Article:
Ethnic Groups, French Canadians
Bloc Quebecois, Parti Quebecois, French Canadian culture, Quebec province, separatist movement
Four-fifths of French Canadians live in Quebec province. Many, if not most, of them regard Quebec as the center of their society and culture, and their effort to preserve it has led to a movement of French Canadian nationalism that has taken several forms. Surrounded by an English-speaking society and living in an economy dominated by an English-speaking elite, the Quebecois (French-speaking residents of Quebec) made a concerted effort beginning in 1960 to increase their control of Quebec affairs. A nationalist provincial government revamped the educational system, provided aid to small businesses, and took control of some industries, all with the objective of increasing Quebecois’ control of the economy. Many nationalists have gone further: Some support a separatist movement that seeks independence for the province; others advocate a more moderate alternative, keeping Quebec in Canada but giving it more powers than the other provinces. The English-speaking minority in Quebec is opposed to its separation from Canada. The other provinces also oppose it and are not much more sympathetic to the more moderate alternative.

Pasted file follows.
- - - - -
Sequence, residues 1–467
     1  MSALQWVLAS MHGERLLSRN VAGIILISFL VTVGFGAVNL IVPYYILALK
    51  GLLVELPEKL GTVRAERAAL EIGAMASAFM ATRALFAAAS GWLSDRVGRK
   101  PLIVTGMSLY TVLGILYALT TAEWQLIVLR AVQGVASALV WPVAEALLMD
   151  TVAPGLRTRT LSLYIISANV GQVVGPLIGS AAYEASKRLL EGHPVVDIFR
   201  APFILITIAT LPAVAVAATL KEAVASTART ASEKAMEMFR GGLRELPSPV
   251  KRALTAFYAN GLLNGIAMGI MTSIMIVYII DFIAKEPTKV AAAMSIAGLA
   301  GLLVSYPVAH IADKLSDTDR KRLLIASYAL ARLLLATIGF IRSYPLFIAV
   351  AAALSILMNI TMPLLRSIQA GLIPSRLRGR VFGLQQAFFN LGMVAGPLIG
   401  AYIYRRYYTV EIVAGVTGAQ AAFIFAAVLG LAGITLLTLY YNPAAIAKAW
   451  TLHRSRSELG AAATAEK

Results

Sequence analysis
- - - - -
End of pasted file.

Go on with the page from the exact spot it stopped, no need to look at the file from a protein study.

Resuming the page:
Both the Parti Quebecois, the party elected in 1993 to govern Quebec, and the Bloc Quebecois, the party elected the same year to represent it in Canada’s Parliament, are officially dedicated to separation. This situation has intensified the historical mistrust between French-speaking and English-speaking Canadians, a legacy from the time when English speakers identified Canada with their own interests. Emphasis on French Canadian culture and aspirations has also damaged the Quebecois’ relations with other minorities in the province. Among these are indigenous peoples, who have lately begun to assert their own rights. One Cree leader has stated that if Quebec secedes from Canada, the Cree will secede from Quebec.
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